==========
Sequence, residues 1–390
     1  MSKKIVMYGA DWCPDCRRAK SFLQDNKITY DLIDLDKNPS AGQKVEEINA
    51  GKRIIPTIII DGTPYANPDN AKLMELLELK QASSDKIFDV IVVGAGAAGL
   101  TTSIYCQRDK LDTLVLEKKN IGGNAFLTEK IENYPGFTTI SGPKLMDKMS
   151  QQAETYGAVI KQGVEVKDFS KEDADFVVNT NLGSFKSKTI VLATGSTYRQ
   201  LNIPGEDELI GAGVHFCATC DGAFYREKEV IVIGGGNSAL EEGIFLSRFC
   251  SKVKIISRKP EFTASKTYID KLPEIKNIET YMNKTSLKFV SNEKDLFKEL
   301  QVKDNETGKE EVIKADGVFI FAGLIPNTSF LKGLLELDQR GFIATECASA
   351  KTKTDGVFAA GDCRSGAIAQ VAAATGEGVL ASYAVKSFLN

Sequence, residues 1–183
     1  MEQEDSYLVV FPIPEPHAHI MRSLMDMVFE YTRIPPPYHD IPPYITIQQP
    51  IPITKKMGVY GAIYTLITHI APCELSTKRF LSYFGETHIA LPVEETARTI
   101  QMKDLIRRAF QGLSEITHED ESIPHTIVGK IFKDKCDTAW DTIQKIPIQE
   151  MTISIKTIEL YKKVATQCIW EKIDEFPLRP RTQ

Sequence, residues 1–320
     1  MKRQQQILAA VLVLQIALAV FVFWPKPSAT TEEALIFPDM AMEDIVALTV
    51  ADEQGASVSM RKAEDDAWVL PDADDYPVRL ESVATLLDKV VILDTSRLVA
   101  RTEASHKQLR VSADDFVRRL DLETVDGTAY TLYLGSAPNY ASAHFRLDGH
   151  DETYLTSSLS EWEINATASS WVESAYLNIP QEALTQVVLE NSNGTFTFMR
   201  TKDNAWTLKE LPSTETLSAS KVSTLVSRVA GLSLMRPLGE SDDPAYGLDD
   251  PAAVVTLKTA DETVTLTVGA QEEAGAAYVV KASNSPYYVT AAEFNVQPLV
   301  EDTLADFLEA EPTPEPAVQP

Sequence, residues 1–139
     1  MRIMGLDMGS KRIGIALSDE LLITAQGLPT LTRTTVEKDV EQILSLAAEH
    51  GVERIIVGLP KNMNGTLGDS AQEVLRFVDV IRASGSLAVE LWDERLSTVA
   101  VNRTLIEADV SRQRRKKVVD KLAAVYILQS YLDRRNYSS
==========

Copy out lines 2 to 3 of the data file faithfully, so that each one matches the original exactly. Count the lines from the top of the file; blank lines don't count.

     1  MSKKIVMYGA DWCPDCRRAK SFLQDNKITY DLIDLDKNPS AGQKVEEINA
    51  GKRIIPTIII DGTPYANPDN AKLMELLELK QASSDKIFDV IVVGAGAAGL